airframe component scores; it stands alone. If a builder were to produce
a “perfectly crafted” model scoring “ 10” in the three airframe areas but
the completed package still appeared to be more model than replica, the
realism score would likely reflect that lack of realism.
Each model is judged independently according the same rules, and in
the end, the scores always tell the story. No specific type or period of
model has an advantage in the static-judging phase; some have distinct
advantages when it comes to flying, but even then, the flying scores can
differ by mere fractions of points. If everything goes well, you fly the
best you ever have, your building/finishing abilities are recognized and
rewarded, and there’s good karma in the air, you win. It’s that simple, and
anyone can win on a given day. Anyone who thinks it isn’t that important
to “sweat the details” is better off declining the coveted invitation and
participate as a spectator.
There are so many outstanding examples of skills, both building and
flying, at Top Gun that it would be impossible to describe all of them.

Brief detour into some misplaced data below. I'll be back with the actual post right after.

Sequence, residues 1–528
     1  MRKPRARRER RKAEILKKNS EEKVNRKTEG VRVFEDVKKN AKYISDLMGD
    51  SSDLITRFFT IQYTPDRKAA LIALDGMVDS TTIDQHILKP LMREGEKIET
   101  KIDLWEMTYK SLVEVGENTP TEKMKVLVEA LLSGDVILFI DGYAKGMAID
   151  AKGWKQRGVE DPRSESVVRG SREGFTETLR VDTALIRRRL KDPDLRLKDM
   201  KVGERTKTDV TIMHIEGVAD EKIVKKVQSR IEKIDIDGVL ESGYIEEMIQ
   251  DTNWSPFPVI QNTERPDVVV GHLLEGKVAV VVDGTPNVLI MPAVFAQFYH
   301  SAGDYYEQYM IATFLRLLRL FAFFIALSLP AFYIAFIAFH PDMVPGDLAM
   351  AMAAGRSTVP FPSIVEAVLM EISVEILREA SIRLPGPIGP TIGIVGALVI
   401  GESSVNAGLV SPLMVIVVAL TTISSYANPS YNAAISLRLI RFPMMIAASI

That’s why we’re showing you so many pictures with additional images
I’m not sure of where it can all go from here, but I will say that,
based on my chats with a number of competitors, next year’s
30th-anniversary edition might just showcase some of the best scale
RC models ever. It is an exciting, inspiring event that can’t help getting
you pumped up for more. Join us in 2018! J
7 8 9
1. At Top Gun, some of the classes are scrutinized this “up close and personal.”
Here, I’m checking Phil Koury’s F4F Wildcat under the magnifying glass.
2. Remarkable effort went into Lance Campbell’s outstanding SR-71, including
pilot detail. 3. Team Monaco nailed the surface detail on their F4F Wildcat entry—
excellent panel detail and weathering. 4. Some of the exquisite surface detail on
“Mr. Top Gun” Jack Diaz’s Fouga. This is what it takes to win! 5. Functioning auxiliary inlet louvers on Scott Harris’s Yak 130 require much skill and patience. 6. The
“business end” of Ralph Esposito’s Jug. The actual engine is very well disguised.
7. The APU exhaust fan on Randy Clark’s Yak 130—very consistent weathering.
8. Pilot figure in the Team Meister Mitsubishi Type “0” may have cost 1/4 point;
I don’t think filtered cigarettes were available in the early 1940s! 9. This is what
the casual spectator doesn’t get a chance to see: the outstanding interior work
on the Bob Gonzalez/Sean Curry Team entry Cessna 421C.